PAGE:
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Mike and Dave Need Wedding Dates

Mike and Dave Need Wedding Dates (2016) is one of the funniest comedies I’ve seen in a long time. I try to watch anything with Aubrey Plaza in it, but didn’t catch this one in the theater. Not only is it hilariously improvised, it’s also based on a true story. The unbelievable misadventure of Mike and Dave Stangle, who were instructed to bring dates to their sister’s wedding in Saratoga, New York, inspired the film. They posted an ad on Craigslist in February 2013, which went viral. Real life Mike and Dave, from Albany, even have a cameo in the film.

In the movie version of events, Mike (Adam Devine) and Dave (Zac Efron) face an ultimatum from family members over a history of hard partying and ruining family gatherings. Their parents, Burt (Stephen Root) and Rosie (Stephanie Faracy) Stangle, insist they bring dates to their sister Jeanie’s (Sugar Lyn Beard) wedding in Hawaii. She is marrying Eric (Sam Richardson), who is grounded and emotionally reserved. After their Craigslist ad goes viral, they run through a series of hilarious dates before meeting Alice (Anna Kendrick) and Tatiana (Aubrey Plaza), another pair of hard-partiers who pretend to be nice girls to get a free trip to Hawaii.

Mike and Dave Need Wedding Dates was written by Andrew Jay Cohen and Brendan O’Brien and directed by Jake Szymanski. Szymanski has directed dozens of video shorts and a few television episodes and TV movies, which might explain why the film felt like a series of skits seamlessly woven together. Make no mistake, Mike and Dave Need Wedding Dates not only has a plot, it also has character development, two things often missing from other recently-released comedies.

The film is simply about four shallow, emotionally juvenile people maturing and finding happiness. Dave learns he needs a separate identity from his brother and decides to pursue his talent at drawing, Alice finally gets over being left at the altar and pursues a relationship with Dave, and Mike and Tatiana go into business together. They patch things up with their sister after derailing her ceremony, and use their talents to make sure Jeanie gets the Hawaii wedding she deserves. Even Eric gets to show he’s not as straight-laced as he appears. It’s not a complex story, but what else can you expect from a raunchy romantic comedy?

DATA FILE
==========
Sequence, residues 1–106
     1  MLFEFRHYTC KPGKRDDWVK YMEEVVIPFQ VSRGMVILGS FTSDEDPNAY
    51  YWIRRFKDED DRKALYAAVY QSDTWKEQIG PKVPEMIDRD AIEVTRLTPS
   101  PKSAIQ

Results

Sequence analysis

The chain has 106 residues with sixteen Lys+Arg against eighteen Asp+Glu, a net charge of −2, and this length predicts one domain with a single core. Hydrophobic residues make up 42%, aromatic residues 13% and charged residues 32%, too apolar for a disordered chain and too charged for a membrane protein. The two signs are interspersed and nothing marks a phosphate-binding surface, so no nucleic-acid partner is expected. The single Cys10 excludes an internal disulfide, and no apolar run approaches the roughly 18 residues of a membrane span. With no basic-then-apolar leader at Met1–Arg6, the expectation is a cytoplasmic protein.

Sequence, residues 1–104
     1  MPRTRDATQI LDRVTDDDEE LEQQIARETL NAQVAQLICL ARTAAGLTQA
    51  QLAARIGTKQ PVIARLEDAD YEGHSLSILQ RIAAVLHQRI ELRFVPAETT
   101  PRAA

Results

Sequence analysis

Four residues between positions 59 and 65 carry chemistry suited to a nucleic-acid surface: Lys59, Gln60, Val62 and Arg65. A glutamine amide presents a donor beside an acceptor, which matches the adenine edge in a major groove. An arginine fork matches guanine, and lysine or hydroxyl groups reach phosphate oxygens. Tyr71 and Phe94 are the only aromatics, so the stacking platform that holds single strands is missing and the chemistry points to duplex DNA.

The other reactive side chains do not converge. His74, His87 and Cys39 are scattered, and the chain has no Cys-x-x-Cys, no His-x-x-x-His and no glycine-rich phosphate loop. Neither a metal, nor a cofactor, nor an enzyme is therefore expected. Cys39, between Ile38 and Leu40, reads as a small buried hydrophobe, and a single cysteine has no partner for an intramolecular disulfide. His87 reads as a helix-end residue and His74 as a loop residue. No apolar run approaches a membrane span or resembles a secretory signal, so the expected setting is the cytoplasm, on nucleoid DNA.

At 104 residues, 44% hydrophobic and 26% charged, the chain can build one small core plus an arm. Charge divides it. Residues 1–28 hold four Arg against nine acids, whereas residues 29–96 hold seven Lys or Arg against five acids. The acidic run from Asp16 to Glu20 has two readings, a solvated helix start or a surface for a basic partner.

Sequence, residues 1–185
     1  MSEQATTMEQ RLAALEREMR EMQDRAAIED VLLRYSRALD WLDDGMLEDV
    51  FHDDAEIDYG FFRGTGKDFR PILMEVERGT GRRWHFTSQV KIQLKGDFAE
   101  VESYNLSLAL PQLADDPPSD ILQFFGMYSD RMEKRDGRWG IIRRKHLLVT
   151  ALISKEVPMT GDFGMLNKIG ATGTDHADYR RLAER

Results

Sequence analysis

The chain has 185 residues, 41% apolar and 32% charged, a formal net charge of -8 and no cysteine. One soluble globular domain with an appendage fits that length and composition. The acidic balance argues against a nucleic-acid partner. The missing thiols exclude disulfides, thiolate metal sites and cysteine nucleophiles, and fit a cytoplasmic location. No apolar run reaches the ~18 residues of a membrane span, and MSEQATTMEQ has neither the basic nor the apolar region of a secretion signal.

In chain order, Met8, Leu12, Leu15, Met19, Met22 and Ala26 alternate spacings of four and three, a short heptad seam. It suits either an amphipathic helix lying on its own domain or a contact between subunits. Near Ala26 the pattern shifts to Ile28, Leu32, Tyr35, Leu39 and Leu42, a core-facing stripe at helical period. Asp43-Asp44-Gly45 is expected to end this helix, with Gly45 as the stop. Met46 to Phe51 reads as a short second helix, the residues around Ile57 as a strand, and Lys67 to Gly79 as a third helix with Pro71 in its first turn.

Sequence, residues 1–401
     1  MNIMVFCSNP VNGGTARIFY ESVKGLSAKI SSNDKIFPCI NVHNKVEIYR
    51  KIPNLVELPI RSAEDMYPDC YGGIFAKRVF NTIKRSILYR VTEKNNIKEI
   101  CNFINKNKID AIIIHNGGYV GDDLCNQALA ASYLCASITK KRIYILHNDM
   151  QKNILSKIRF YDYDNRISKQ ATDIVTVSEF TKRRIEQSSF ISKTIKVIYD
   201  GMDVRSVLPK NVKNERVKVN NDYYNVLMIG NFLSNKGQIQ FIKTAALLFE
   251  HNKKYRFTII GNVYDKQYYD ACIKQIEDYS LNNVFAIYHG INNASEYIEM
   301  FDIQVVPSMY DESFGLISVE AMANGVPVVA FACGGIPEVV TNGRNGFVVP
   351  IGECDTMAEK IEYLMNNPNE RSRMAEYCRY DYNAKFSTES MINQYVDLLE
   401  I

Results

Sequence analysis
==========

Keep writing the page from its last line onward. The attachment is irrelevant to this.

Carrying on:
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Barbarian Virtues: An Incomplete Critique of American Imperialism

barbarian-virtuesIn Barbarian Virtues: The United States Encounters Foreign Peoples at Home and Abroad, 1876-1917, Mathew Frye Jacobson explored the American perception of ourselves and the foreign peoples we came into contact with at the turn of the last century, as empire building and immigration expanded our interaction with the outside world. The title comes from a quotation by Theodore Roosevelt calling on Americans to not abandon their hearty roots in the quest for civilization, and to “keep the barbarian virtues” in order to escape from decadence.

Anxiety over civilization and barbarity characterized American culture at the end of the nineteenth century. According to Jacobson, political culture during this period was “characterized by a paradoxical combination of supreme confidence in U.S. superiority and righteousness, with an anxiety driven by fierce parochialism.” The paradox stemmed from the United States’ economic dependence on an influx of labor from peoples that were considered to be inferior. Popular media characterized these people as barbarian others in need of the fatherly hand of the civilized United States. The labor and resources of the “barbarians” were invaluable in propelling this country to a position of power.

It is not the uniqueness of this relationship that Jacobson finds interesting. As he points out, these attitudes have long roots in American culture. The scale of these endeavors is what sets this period off from the past. Industrial production, mass population movements, expanding and active government, and a developing mass media characterized this time of explosive growth and involvement in the world. But in order to facilitate such involvement, the old attitude Americans had taken toward American Indians and, to a lesser extent, Mexicans, needed to be refashioned for use overseas. The people of Hawaii, Cuba, Puerto Rico, and Panama all had to be seen as “pawns in a vast geopolitical game.” This shift in perspective took a conscious cultural effort to accomplish.

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